However, on the good side, itís quick and easy to switch de-interlacing modes, so if you see artifacts that are annoying, itís easy to force it into video mode.  You donít even need to stop the movie.  We wish, though, that it wasnít necessary quite so often.

This player has the chroma upsampling bug, though not as bad as some.  Still, it was clearly visible throughout "Toy Story".  The problem will be visible on any film that has saturated red colors, but you might not see it if you donít look for it.

On the Video Essentials Snell & Wilcox Zone Plate pattern, there was flicker in the left-hand patterns whenever the center pattern moved. This is because the video de-interlacing algorithm on the Genesis doesn't appear to be weaving stationary areas of the screen. This means that when objects are moving on screen, the resolution suffers for all areas, not just the moving areas.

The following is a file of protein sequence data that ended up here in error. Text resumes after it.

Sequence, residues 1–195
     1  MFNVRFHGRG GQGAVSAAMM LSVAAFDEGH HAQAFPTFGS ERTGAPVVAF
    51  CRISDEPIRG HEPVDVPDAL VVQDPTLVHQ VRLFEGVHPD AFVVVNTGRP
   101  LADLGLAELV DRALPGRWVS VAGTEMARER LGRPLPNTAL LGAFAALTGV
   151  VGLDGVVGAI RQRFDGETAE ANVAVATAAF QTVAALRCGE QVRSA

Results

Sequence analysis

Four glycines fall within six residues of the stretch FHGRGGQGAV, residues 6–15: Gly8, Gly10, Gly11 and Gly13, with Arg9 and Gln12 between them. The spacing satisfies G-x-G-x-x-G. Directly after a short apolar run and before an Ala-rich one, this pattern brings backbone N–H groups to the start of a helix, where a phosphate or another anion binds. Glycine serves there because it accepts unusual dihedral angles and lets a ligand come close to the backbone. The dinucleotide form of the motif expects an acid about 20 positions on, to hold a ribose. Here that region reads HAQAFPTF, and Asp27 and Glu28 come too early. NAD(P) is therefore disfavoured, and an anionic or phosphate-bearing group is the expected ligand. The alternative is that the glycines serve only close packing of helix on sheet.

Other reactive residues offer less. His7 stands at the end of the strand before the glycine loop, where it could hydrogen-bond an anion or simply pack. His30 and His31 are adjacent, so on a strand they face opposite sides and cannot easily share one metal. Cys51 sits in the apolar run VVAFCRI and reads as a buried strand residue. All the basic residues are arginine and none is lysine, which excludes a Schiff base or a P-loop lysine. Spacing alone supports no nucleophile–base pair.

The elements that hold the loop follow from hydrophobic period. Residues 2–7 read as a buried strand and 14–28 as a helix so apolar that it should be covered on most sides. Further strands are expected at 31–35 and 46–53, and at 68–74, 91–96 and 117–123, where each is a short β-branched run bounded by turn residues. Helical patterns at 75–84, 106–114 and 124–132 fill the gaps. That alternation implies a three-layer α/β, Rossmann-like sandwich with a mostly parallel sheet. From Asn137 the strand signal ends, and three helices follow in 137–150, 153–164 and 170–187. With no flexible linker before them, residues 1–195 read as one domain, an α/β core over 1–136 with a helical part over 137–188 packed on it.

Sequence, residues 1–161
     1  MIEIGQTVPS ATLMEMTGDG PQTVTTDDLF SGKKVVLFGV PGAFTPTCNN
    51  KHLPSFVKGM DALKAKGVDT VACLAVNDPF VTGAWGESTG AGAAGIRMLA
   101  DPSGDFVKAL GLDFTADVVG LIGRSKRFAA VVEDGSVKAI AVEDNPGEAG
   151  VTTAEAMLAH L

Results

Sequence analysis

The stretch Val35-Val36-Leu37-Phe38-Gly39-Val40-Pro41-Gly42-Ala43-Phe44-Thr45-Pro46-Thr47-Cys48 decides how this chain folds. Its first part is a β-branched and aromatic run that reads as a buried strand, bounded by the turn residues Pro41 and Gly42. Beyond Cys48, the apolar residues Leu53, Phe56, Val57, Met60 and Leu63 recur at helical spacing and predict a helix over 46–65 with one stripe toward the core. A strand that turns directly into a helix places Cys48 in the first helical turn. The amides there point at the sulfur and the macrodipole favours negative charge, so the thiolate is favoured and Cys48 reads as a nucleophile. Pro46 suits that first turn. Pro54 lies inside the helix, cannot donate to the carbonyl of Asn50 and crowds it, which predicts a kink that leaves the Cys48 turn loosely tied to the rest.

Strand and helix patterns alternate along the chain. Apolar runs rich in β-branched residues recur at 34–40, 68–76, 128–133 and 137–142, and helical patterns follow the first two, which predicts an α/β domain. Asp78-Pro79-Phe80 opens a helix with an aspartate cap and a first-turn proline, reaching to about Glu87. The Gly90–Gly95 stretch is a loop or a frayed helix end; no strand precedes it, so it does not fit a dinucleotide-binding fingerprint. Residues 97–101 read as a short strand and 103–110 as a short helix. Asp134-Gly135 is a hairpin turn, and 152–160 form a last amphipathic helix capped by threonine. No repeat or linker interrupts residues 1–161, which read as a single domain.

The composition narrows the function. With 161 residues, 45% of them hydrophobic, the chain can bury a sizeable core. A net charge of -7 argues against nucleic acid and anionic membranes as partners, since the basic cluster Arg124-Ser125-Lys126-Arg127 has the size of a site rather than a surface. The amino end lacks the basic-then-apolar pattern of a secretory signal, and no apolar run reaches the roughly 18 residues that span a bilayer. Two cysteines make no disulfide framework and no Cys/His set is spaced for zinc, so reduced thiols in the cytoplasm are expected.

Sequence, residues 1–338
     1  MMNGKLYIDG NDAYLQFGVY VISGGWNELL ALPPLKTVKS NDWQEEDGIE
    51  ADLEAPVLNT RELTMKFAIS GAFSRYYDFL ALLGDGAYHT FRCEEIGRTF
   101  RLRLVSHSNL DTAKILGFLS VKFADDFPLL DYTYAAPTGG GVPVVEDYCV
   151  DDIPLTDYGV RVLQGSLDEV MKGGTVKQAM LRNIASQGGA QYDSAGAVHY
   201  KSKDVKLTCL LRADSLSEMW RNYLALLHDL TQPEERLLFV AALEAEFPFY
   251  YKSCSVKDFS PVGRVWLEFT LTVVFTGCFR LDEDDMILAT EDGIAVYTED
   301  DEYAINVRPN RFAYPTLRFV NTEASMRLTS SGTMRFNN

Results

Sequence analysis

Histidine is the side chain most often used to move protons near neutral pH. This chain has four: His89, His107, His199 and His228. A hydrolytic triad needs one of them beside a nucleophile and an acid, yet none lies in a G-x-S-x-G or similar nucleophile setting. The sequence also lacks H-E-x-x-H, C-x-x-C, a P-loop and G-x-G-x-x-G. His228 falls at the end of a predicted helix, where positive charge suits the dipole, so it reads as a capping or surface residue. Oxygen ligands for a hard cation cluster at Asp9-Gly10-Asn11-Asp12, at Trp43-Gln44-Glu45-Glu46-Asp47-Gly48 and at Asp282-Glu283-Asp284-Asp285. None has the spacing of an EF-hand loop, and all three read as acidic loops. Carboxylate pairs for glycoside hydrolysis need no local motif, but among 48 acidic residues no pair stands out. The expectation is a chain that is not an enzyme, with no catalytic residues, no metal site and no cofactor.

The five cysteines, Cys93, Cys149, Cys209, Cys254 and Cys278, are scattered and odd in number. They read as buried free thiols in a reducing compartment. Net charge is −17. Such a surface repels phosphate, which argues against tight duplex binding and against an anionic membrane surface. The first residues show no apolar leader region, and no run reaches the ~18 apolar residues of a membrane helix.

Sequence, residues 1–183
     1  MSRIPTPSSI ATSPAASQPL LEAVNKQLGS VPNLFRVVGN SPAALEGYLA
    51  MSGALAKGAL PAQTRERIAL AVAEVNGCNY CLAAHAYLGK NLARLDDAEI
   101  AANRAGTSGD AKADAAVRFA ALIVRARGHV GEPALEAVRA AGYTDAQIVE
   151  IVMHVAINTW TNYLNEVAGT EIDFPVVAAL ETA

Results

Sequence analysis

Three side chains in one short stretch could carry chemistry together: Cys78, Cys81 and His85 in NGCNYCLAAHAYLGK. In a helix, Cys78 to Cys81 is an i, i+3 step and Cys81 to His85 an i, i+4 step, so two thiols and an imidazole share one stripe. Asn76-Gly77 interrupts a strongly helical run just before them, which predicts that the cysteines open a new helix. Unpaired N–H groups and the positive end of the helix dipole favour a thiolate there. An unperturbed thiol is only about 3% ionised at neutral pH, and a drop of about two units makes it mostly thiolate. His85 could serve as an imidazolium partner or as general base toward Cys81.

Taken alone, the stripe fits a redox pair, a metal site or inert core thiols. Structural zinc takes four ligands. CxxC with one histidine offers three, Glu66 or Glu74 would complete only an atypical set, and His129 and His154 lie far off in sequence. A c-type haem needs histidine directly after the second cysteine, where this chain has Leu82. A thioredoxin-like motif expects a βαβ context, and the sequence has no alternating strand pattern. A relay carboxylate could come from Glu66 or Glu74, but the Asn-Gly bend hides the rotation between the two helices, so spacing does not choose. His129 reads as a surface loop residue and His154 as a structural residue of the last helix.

This player, like the SD-6200 and Onkyo DV-S939, has a strange problem with certain movies, apparently all from Warner Brothers, all released at about the same time. Portions of the screen would jitter or shimmer. Some described it as looking like a ripple, like seeing the image through water. It turns out that this effect happens only on certain films, and only when the "blacker-than-black" setting is turned on in the Setup menu. This setting is only necessary when you are calibrating the black level of the TV using Video Essentials or the THX Optimode tests, so it's fine to turn it off for normal viewing. Still, it's a strange problem. It would be better if the player could just pass blacker-than-black signals normally, without requiring you to change this setting at all.

- Don Munsil -

DVD Benchmark Explanatory Articles


Part 1 - Video

Part 2 - Audio

Part 3 - Functionality Part 4 - Usability Part 5 - Progressive Scan